classical music, opera, theatre

Leif Ove Andsnes and the Deutsches Symphonie-Orchester Berlin

one interval
Béla Bartók National Concert Hall
  • Produced by Müpa Budapest

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An orchestral work from the end of the 20th century, a Viennese classical concerto from 1785 and a Late Romantic symphony from 1887/88. Julian Anderson, Wolfgang Amadeus Mozart and Gustav Mahler. A major Berlin symphony orchestra with an exciting history, one of the greatest Northern European piano stars of our era and a British conductor who despite - at age 38 - his relative youth has been racking up triumph after triumph for many years. A major Berlin symphony orchestra with an exciting history, one of the greatest Northern European piano stars of our era and a British conductor who despite - at age 38 - his relative youth has been racking up triumph after triumph for many years. Although the Hungarian audience has had more than one chance to hear him as a guest of the Budapest Festival Orchestra, this time Robin Ticciati will be bringing his own orchestra, as he has served as the Deutsches Symphonie-Orchester Berlin's chief conductor since 2017.

The internationally celebrated pianist Leif Ove Andsnes is the pride of Norway - just like the composer Edvard Grieg, whose works the 51-year-old musician enthusiastically strives to popularise. But of course, it's not just Grieg that he plays: his repertoire is extremely rich, as demonstrated by his strikingly bountiful discography, which includes works by Haydn, Beethoven, Schubert, Schumann and Brahms alongside those of Janáček, Debussy, Ravel, Enescu and Shostakovich, not to mention Bartók's piano concertos. The predecessor to the Deutsches Symphonie-Orchester Berlin was founded in 1946 as the famed RIAS (Rundfunk im Amerikanischen Sektor) orchestra, which in 1956 became the Radio-Symphonie-Orchester Berlin. It took on its present name in 1993. Attesting to its level of quality is the list of conductors who have led it: Ferenc Fricsay, Lorin Maazel, Riccardo Chailly, Vladimir Ashkenazy, Kent Nagano, Ingo Metzmacher, Tugan Sokhiev and now Ticciati. A British subject of Italian extraction, he has earned acclaim at the helms of the Scottish Chamber Orchestra and the Glyndebourne Festival Opera while also taking the podium of the Bamberg Symphony as a guest. The management of the Deutsches Symphonie-Orchester Berlin has been so pleased with his work that by 2020 they had already extended his contract until 2027.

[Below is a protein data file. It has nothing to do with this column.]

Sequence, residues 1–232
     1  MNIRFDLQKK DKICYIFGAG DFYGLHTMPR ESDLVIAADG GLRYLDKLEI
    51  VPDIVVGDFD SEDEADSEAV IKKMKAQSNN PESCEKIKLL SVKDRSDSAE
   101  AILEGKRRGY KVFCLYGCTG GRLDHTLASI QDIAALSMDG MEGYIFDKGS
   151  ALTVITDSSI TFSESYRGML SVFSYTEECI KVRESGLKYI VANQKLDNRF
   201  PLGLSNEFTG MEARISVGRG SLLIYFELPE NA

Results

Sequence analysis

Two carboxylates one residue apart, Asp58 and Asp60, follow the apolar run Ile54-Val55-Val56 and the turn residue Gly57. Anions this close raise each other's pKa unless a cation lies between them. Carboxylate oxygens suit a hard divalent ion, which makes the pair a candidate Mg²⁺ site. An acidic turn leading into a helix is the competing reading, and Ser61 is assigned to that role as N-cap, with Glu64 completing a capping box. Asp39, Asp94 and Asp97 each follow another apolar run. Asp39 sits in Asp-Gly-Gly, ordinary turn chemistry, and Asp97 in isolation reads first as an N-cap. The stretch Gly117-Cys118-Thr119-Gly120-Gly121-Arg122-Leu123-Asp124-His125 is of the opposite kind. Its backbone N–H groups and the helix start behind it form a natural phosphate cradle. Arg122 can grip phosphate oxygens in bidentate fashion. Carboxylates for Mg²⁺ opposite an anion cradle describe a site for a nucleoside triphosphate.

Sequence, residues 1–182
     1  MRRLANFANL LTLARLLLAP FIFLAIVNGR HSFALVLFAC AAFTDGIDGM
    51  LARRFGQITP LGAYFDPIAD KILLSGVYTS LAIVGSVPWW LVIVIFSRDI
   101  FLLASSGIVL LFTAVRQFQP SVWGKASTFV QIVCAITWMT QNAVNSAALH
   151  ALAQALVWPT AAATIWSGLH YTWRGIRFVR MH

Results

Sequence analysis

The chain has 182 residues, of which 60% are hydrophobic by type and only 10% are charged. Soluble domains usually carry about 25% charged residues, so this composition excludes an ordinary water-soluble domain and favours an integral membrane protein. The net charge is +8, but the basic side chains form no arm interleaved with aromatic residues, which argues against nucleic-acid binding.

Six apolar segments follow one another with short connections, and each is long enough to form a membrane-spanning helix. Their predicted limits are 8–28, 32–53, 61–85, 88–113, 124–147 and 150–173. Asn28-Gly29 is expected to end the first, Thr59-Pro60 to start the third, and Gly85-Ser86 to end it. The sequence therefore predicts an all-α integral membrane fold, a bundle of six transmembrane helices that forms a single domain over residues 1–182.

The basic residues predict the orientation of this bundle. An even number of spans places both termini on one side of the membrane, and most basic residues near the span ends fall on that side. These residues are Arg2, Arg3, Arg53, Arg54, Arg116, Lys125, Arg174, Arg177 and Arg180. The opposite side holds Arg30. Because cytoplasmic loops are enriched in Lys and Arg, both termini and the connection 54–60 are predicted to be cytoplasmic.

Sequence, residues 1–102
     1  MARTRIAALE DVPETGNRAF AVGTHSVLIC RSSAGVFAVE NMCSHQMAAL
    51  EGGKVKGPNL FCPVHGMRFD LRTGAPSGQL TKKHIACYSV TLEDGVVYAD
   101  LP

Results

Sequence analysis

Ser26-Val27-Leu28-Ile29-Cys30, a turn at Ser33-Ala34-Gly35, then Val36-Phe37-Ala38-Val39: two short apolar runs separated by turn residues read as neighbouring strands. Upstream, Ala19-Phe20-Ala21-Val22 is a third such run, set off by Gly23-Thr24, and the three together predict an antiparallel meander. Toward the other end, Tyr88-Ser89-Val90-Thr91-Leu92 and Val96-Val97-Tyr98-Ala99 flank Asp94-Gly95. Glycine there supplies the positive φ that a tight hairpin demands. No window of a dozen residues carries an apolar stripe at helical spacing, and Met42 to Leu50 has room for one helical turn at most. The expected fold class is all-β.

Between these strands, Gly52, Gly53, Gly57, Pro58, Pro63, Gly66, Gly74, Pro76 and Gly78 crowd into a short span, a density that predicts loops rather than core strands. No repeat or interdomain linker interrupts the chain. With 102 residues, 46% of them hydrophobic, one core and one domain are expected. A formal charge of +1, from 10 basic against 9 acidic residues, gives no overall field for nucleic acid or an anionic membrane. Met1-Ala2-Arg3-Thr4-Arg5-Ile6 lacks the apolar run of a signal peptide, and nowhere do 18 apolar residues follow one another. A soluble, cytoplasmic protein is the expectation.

Presented by: Müpa Budapest

Ticket information

You may purchase tickets online for this performance using a Müpa Budapest gift voucher or by debiting the leisure allowance on OTP or MKB SZÉP cards.
If you purchase the tickets in person, then we also accept Edenred Gift Vouchers, and Edenred gift cards (Benefit and Family cards) as well as the culture subaccount allowance on OTP Cafeteria cards. Tickets can further be purchased from our box offices by debiting the leisure allowance on OTP or MKB SZÉP cards.

Parking information

The Müpa Budapest underground garage gates will be operated by an automatic number plate recognition system. Parking is free of charge for visitors with tickets to any of our paid performances on that given day. The detailed parking policy of Müpa Budapest is available here.

Refreshments – Without the Queue

Thanks to our new catering service at the Átrium Snack Bar, you can forget about waiting in line during intermissions for some refreshments and get your order prepped especially for you by the time the intermission actually starts. Find out more about pre-ordering here.

Safe ticket purchase

Dear Visitors, please note that only tickets purchased from the Müpa website and official ticket offices are guaranteed to be valid. To avoid possible inconvenience, we suggest buying tickets to our performances and concerts via the mupa.hu website, the Interticket national network (jegy.hu) or at our official ticket offices.

Sections

  • Robin Ticciati



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